Jet Airways Shares
Jet Airways Shares sank 34 percent on Thursday in a sign investors were sceptical about a revival, even as lenders to the carrier said they are “reasonably hopeful” the bidding process for the grounded Indian airline will end successfully.
Jet Airways, once India’s largest private airline, on Wednesday evening halted all flight operations indefinitely after lenders led by State Bank of India declined to extend more funds to keep it going. Jet shares plunged to the lowest since April 2009 in early trade on Thursday.
The carrier, saddled with roughly $1.2 billion of bank debt, has been teetering for weeks after failing to receive a stop-gap loan of about $217 million from its lenders, as part of a rescue deal agreed in late March.
Investors have doubts over whether a successful deal can be completed, said Shukor Yusof, the head of the aviation consultancy Endau Analytics. “Jet Airways’ value is dwindling with each passing day,” he added.
At its peak, Jet operated over 120 planes and well over 600 daily flights. The airline, which has roughly 16,000 employees, has in recent weeks been forced to cancel hundreds of flights and to halt all flights out of India as funds dried up.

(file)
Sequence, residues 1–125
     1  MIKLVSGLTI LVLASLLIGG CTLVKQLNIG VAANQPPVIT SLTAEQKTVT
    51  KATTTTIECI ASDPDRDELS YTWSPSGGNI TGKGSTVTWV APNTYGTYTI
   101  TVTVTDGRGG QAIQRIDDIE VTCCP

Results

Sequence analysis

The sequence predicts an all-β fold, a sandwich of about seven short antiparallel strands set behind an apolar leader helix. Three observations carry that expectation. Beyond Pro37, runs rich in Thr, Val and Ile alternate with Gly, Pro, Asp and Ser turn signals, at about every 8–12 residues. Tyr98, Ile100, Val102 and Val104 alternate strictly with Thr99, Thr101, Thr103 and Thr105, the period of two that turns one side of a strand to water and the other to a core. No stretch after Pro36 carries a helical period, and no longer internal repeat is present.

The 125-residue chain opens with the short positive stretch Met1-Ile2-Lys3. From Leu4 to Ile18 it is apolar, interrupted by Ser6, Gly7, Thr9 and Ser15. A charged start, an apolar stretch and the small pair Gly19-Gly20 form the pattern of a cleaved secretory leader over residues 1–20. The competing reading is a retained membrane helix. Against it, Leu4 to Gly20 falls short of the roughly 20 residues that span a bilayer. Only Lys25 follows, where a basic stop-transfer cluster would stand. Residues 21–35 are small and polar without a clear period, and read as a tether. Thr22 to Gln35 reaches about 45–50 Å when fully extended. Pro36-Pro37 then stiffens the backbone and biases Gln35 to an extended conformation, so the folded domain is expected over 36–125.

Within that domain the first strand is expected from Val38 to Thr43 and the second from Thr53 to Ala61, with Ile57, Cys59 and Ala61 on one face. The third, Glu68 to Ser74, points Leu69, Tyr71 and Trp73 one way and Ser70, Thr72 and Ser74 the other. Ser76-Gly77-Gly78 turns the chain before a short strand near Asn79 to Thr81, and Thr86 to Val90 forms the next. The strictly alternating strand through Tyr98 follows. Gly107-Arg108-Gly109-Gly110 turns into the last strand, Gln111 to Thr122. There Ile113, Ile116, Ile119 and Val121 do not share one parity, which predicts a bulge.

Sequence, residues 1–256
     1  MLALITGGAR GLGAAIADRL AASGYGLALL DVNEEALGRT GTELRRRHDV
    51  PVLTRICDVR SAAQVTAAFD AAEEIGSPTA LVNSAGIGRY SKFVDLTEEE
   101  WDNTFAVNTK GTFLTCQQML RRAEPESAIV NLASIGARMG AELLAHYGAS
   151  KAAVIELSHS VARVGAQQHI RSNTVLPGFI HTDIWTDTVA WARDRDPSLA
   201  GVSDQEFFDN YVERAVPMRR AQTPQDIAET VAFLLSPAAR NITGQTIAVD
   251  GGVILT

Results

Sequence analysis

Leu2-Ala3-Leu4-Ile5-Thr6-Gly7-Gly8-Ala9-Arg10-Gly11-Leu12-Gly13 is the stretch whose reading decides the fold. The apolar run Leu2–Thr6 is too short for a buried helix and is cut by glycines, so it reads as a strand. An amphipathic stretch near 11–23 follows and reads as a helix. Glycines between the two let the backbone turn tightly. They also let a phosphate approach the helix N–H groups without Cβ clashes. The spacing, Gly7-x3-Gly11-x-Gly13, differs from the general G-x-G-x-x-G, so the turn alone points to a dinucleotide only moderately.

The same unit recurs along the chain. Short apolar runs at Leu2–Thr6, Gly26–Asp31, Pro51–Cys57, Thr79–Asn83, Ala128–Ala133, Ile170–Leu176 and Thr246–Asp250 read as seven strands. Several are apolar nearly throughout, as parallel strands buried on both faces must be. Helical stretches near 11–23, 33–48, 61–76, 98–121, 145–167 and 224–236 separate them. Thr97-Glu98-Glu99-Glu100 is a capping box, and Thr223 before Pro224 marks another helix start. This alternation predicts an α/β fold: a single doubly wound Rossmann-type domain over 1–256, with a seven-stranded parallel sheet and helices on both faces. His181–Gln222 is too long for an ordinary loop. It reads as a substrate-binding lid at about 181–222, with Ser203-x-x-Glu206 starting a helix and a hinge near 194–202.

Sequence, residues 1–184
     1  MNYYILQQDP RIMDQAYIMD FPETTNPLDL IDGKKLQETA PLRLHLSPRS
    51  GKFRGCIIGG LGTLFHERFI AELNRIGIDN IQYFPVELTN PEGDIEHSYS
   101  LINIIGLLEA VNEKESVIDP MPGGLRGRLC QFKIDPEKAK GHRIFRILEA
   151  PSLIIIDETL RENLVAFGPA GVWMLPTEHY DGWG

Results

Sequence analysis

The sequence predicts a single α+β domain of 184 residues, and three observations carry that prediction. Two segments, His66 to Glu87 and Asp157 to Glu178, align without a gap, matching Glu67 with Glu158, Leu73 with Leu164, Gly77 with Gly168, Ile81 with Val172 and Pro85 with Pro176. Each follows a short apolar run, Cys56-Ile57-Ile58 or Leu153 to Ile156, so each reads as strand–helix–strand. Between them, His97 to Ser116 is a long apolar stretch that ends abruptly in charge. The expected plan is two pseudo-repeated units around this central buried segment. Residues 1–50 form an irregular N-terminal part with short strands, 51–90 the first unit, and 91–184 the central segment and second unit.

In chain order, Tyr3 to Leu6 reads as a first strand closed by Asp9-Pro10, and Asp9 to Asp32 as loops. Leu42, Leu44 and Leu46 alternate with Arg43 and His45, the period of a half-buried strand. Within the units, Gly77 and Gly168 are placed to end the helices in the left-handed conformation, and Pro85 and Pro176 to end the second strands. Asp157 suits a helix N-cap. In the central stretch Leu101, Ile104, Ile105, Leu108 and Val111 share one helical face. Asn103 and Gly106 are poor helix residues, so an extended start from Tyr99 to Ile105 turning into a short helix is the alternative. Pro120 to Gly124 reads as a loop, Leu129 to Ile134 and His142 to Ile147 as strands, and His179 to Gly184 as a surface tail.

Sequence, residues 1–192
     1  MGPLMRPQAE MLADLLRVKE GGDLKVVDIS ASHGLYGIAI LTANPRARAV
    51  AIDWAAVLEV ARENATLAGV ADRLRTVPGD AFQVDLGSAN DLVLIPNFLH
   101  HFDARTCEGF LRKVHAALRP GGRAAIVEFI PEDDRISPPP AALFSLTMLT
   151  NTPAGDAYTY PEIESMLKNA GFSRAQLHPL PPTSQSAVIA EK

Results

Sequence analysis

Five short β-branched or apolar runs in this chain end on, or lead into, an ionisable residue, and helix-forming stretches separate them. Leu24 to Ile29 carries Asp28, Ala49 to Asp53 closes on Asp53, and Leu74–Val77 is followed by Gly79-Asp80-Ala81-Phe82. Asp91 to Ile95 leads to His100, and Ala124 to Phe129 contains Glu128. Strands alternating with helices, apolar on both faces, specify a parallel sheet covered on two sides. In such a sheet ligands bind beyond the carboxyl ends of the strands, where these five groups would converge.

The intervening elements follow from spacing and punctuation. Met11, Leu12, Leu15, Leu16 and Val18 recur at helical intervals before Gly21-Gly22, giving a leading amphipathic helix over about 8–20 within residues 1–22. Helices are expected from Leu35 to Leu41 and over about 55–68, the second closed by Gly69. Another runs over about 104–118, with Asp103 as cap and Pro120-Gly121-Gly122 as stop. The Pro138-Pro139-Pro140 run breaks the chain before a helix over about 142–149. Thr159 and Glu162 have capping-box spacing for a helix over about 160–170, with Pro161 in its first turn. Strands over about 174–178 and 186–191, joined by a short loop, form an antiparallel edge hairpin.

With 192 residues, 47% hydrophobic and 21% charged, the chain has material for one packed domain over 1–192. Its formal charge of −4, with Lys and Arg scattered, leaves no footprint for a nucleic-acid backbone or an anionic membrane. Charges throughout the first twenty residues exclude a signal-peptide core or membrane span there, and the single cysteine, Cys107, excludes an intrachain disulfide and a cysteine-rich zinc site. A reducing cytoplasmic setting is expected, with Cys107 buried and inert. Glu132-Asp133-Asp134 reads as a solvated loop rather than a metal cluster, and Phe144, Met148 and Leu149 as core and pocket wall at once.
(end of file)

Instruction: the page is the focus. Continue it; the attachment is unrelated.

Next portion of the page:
“The lenders after due deliberations decided that the best way forward for the survival of Jet Airways is to get the binding bids from potential investors who have expressed EOI and have been issued bid documents on 16th April,” the lenders said on Thursday, referring to expressions of interest.
“Lenders are reasonably hopeful that the bid process is likely to be successful in determining the fair value of the enterprise in a transparent manner.”
CNBC-TV18 reported on Tuesday that Jet’s lenders were set to invite binding bids from four shortlisted suitors that include private equity firms TPG Capital and Indigo Partners, Indian wealth fund National Investment and Infrastructure Fund (NIIF), and Etihad Airways, which already owns a minority stake in Jet.
Etihad did not respond to a request for comment outside usual business hours.
The crisis at Jet, long the biggest operator in Mumbai, has opened a window of opportunity for other airlines to fill a gap in supply. Budget carriers SpiceJet Ltd and IndiGo are already rushing to add planes.
SpiceJet shares surged 15 percent to the highest since February 2018 early on Thursday, while shares in IndiGo’s parent InterGlobe Aviation Ltd rose by 3 percent.
India’s Ministry of Aviation said on Wednesday evening that meetings with airports and airlines would be held on Thursday.
“We are assisting airlines and airports to bring in capacity rapidly to ensure that fares remain stable and competitive,” the ministry said on its Twitter account.